Former Love Hotel concierge becomes billionaire, pandemic recovery boosts his super Korean travel app

AAs the world reopens and industries from travel to hospitality rebound from the depths of the Covid-19 pandemic, South Korean travel super app Yanolja reported strong first-quarter sales growth in its first-ever quarterly report as it prepares to go public. The report, released last week, also revealed founder Lee Su-jin’s stake in the company, officially making the former janitor a billionaire.

Lee, who turned 44 in February, is CEO and second largest shareholder, with a 16.54% stake. His wife, Park Jung-hyun, and daughters Lee Ye-nim and Lee Ye-ra each hold a 5.18% stake in Yanolja. The largest shareholder is SoftBank’s Vision Fund 2, which bought a 25.23% stake in July last year for $1.7 billion, valuing Yanolja at $6.7 billion. At this valuation, Forbes estimates the net worth of Lee and his family at $2 billion. (Forbes applies a 10% discount on private business appraisals.)

Founded in 2005, Yanolja, which means “Hey, let’s play” in Korean, has expanded from short-term hotels to transportation and, more recently, to cloud computing software that helps hotels and travel agencies digitize business processes. The company said first-quarter revenue rose 19% year-on-year to 100.5 billion won ($80 million), while net profit edged down to 8.8 billion won compared to 9 billion won during the same period.

Yanolja makes most of its money by taking a discount from bookings and charging hotels and travel agencies to advertise on its platform. In recent years, Yanolja has expanded its cloud-based businesses, such as management systems that help hotels manage reservations and big data analytics that predict guest behavior. Revenue from its cloud business contributed 20.5% to Yanolja’s total sales in the first quarter, compared to around 8.5% in calendar year 2021.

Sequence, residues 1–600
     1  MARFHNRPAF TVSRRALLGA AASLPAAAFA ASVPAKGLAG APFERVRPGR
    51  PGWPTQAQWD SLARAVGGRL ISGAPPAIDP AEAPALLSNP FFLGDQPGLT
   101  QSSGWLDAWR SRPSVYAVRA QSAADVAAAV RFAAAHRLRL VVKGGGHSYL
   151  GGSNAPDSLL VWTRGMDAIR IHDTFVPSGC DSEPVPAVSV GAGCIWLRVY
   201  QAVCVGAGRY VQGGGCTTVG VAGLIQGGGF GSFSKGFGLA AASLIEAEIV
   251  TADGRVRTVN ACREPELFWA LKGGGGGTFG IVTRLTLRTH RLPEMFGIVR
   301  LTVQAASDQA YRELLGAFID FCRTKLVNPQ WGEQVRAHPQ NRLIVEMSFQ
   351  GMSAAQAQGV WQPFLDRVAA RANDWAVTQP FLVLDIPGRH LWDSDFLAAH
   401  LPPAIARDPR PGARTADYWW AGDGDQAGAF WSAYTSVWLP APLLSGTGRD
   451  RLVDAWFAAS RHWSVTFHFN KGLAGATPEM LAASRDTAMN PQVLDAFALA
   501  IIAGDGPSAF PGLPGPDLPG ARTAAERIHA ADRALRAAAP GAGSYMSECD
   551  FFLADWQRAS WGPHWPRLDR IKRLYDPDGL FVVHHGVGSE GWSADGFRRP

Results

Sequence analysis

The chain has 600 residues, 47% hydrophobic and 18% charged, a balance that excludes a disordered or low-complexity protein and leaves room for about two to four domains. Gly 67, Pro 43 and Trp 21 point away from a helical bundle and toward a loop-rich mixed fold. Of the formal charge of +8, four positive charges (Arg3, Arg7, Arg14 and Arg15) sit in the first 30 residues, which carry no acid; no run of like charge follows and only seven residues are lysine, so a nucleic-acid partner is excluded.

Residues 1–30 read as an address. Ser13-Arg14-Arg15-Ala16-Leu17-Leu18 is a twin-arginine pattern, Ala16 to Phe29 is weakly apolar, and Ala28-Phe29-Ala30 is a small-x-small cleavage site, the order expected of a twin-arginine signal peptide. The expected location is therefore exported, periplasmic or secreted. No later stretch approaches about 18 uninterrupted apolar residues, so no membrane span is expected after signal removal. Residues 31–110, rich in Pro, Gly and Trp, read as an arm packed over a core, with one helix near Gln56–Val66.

The company said in its first quarter report that non-face-to-face digital services have become widespread in the entertainment industry since the start of the pandemic. He also noted that more hotels are using software to reduce costs and increase efficiency during the pandemic.

Local media reported in April that Yanolja plans to list on Nasdaq in the third quarter of this year. Besides SoftBank, Yanolja’s other investors include Singaporean sovereign wealth fund GIC, online travel giant and SkyLake Investment, a Korean private equity firm headed by former Samsung Electronics executive Chin Dae-je.

MORE FORBESKorea’s 50 Richest in 2022: Collective Wealth Falls Despite Economic Recovery, Only Eight See Their Wealth Increase

Like Kakao founder Kim Beom-su, No. 1 on this year’s Korea Rich List, Lee’s success is a rags-to-riches story. Orphaned as a child, Lee worked as a concierge in love hotels before founding Yanolja. Lee, who holds a bachelor’s degree in engineering from Kongju National University in the central South Korean city of Gongju, used his relationships with toilet paper suppliers and hotel owners to launch Yanolja, according to a Bloomberg News article.

Lee is the latest to join a growing group of self-made billionaires in South Korea, where family conglomerates have traditionally dominated its economy. Lee Seung-gun, for example, who ran away from home to start a startup against his parents’ wishes, joined the three-comma club last year, following a 410 round of funding. million that valued its startup, fintech superapp operator Viva Republica, at $7.4 billion.

Comments are closed.